After studying film at university with aspirations to become a film director, Takahiro Ota worked at a commercial production company before diving head-first into the VFX artist team Khaki to create music videos and ads. His extensive knowledge in a range of VFX fields gives him a broad perspective that stems from a multifaceted outlook and thought process. With this and his excellent communication skills in hand, he consistently creates video production work that surprises and inspires. In 2020, he established the VFX studio KASSEN that consistently combines new technology and teamwork for a production style that isn’t possible with freelancers or a typical big production company. We interviewed him on his history and past work, as well as the current challenges faced by the Japanese film and video industry and the future he envisions.
When I see beauty in the city, I'm unconsciously seeing it from a video production perspective
Roppongi is close to my home so I randomly stop by on a regular basis. I'm particularly familiar with the Keyakizaka area where we just did the photo shoot. One of my hobbies is to watch movies, so my wife and I sometimes come to the Toho Cinemas Roppongi Hills and eat somewhere in the area afterwards.
I like how the hill of Keyakizaka has such an ambience that you could point the camera anywhere and get a frame full of well-designed urban scenery. Although actually, as you get to either end of the hill you get glimpses of the tackier congestion of normal life [laughs]. But I sometimes think that if the look of Keyakizaka could be applied to wider areas, Japan would be a much prettier place. I once went to Romania for work, and I was enchanted by how all the streets in Europe looked as picturesque as film sets no matter which way you looked. But cities like Roppongi that have undergone calculated urban development have lots of beautiful areas, too. If in the process of that kind of development, people could work together for a unified design or something, I think the cities could look very different.
My habit of unconsciously seeing cities from a video production perspective is probably inevitable given my line of work. In 2020, I founded a VFX studio called KASSEN. VFX is short for "visual effects," and as the name suggests it involves technical effects that are visible to the eye. That includes using computer graphics to manipulate photographs, adding special effects using 3DCGI to live-action footage, or even using motion capture technology to digitally incorporate human or character movement into a 3DCGI world. The methods and technology involved are incredibly diverse, but ultimately anything that produces a visual effect is categorized as part of VFX.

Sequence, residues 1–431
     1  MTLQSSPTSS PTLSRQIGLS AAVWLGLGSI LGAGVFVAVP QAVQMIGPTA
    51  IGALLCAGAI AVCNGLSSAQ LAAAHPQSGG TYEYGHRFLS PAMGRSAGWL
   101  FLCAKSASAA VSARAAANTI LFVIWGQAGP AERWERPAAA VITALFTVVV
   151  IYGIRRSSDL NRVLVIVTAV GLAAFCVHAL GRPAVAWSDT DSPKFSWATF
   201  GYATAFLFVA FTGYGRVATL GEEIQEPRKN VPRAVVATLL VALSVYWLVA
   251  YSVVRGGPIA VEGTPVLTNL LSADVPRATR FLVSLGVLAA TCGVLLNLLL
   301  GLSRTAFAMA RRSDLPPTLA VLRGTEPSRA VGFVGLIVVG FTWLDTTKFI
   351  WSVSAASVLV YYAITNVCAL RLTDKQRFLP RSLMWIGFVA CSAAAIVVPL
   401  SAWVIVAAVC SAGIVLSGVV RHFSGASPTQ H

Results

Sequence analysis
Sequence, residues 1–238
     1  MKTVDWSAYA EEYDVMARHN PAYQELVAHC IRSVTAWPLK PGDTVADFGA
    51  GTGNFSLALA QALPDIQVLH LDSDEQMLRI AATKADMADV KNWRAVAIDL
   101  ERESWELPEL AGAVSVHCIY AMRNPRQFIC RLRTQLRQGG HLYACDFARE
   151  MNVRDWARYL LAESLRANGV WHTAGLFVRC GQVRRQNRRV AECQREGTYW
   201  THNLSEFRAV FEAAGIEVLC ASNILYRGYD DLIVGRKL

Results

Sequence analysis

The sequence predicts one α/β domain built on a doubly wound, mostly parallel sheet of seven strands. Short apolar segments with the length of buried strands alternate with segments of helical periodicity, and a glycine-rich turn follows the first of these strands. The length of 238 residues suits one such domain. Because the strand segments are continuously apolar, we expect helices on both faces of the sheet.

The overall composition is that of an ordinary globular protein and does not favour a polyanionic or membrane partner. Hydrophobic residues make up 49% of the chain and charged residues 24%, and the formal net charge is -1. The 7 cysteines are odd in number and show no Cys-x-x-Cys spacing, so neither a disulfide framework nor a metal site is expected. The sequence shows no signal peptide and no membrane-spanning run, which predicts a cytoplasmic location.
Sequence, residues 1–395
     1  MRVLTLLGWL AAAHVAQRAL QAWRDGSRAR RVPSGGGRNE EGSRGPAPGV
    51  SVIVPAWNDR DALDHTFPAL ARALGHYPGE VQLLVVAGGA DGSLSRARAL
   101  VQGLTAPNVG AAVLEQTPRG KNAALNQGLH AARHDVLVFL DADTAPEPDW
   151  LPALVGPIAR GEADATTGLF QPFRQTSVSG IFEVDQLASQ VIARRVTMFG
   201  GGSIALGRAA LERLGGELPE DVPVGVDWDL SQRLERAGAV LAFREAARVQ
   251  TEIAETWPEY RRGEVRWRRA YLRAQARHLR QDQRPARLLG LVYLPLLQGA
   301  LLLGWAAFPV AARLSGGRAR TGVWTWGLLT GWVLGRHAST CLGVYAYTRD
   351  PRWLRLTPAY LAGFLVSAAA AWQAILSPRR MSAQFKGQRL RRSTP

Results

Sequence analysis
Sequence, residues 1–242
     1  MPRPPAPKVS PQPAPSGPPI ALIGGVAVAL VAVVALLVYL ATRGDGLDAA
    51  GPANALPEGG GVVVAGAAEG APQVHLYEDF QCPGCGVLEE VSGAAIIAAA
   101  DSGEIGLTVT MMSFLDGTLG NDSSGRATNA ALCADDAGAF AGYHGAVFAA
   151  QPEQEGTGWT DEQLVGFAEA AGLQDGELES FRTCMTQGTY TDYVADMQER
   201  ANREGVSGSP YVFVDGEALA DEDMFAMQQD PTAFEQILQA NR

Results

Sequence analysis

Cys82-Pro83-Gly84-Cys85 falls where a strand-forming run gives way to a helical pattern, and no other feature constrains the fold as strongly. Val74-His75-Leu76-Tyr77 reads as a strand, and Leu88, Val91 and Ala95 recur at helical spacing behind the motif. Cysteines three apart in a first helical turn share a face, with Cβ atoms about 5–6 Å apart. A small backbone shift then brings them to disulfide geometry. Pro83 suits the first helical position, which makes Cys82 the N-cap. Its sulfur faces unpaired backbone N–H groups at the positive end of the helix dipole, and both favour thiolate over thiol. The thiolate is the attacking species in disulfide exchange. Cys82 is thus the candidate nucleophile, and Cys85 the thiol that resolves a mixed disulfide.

The VFX studio founded by Ota in 2020. It mainly handles the production of commercials and music videos including direction and editing. https://kassen.tokyo/
To increase motivation for the creators and lead "what makes the project worthwhile" in a unified direction
My role at the company is not just as CEO, but also as a hands-on VFX supervisor. Any project that involves VFX typically involves a whole bunch of specialists from a wide range of fields. Each genre is very specialized, so the process gets subdivided into many individual sections that all have different people handling them. The separate sections tend to get uncoordinated, so it's the job of the VFX supervisor to unify them. It's an administrative position, in a way.
In my case, I also sometimes double as a director. Most recently, I worked as the VFX supervisor, director, and even added the finishing touches for GEKIAWA THE STRONG, which we produced as a promotional ad for Suntory's "Natural Sparkling Water THE STRONG" product. My tasks involved proposing a plan for the technology we use, as well as organizing the methods to achieve the plan in the given timeframe. In handling the finishing touches, I calculated how much work needed to be put in the original data to ensure the quality of a finished product, and gave each artist specific instructions accordingly. My job here is to consolidate everyone's ideas of "what makes the project worthwhile" so the motivation doesn't get scattered in different directions. I explain our ideology and passion to each artist, so that they can create what's most worthwhile to them.
GEKIAWA THE STRONG
An exhilarating animated action short where the writer ARuFa gets transported to "Strong Shibuya," where he wields a "GEKIAWA shooter" to purge the town of mysterious monsters. The short was created as a promotional ad for the "Natural Sparkling Water THE STRONG" beverage product.
About a year ago I was also involved as the VFX supervisor for the music video for "Nanairo" by BUMP OF CHICKEN, which fortunately received a lot of attention. It started when Director Kyotaro Hayashi approached me asking, "I have this idea, but how can I make it happen?" We broke down the tasks, organizing who needed to do what throughout the process and put it in action. We also only had about ten days to do the post-production work, so we adopted a technique that made use of an LED wall during this shoot. There was a lot to discover during this project as we contemplated a variety of approaches.
BUMP OF CHICKEN / "Nanairo"
The speed and soaring thrill of two twin sisters circling around as they fall through the sky draws viewers into this music video. The production involved a lot of repeated trial and error, sometimes involving dolls to test motion and wind effects.